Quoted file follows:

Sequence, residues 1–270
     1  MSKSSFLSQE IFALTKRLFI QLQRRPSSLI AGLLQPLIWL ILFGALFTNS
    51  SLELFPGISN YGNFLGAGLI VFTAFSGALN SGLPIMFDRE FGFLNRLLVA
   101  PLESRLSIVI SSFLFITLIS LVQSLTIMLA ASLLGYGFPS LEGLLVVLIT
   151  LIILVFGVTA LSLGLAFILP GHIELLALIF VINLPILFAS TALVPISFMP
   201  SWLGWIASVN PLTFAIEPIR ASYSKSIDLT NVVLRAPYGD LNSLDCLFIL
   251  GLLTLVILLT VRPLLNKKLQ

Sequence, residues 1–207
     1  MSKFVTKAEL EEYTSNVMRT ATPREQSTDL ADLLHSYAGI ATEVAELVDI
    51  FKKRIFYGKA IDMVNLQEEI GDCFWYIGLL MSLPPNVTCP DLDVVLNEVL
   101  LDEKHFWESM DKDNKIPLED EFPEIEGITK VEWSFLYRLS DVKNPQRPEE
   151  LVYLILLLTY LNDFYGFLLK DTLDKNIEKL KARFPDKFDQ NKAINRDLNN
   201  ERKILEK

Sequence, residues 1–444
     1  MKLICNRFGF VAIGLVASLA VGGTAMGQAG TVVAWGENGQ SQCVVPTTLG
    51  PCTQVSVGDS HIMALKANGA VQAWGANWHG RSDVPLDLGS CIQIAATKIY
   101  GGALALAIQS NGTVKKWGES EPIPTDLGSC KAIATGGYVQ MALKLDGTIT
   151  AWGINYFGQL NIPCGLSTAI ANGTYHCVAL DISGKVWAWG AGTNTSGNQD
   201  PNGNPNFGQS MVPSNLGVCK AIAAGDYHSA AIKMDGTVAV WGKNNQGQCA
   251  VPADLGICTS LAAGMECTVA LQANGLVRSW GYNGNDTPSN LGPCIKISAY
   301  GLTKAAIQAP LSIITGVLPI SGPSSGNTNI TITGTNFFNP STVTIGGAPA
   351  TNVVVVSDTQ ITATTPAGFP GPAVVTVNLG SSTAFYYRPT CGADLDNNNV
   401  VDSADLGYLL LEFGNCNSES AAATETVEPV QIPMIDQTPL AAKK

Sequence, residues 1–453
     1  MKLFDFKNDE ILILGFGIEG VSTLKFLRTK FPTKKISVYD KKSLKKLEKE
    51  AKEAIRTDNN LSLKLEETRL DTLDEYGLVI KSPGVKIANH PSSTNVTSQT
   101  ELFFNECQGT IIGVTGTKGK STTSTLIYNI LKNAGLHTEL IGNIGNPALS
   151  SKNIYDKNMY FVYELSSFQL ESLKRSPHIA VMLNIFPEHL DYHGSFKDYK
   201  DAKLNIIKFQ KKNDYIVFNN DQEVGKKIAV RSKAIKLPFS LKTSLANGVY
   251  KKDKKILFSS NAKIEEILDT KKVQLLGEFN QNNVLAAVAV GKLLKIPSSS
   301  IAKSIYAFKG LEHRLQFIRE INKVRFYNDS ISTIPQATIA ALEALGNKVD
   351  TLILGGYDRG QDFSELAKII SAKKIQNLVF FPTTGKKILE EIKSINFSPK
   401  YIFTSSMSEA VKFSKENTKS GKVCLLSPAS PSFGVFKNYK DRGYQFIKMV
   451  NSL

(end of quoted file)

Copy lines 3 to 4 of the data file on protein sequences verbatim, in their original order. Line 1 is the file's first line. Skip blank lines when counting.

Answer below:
    51  SLELFPGISN YGNFLGAGLI VFTAFSGALN SGLPIMFDRE FGFLNRLLVA
   101  PLESRLSIVI SSFLFITLIS LVQSLTIMLA ASLLGYGFPS LEGLLVVLIT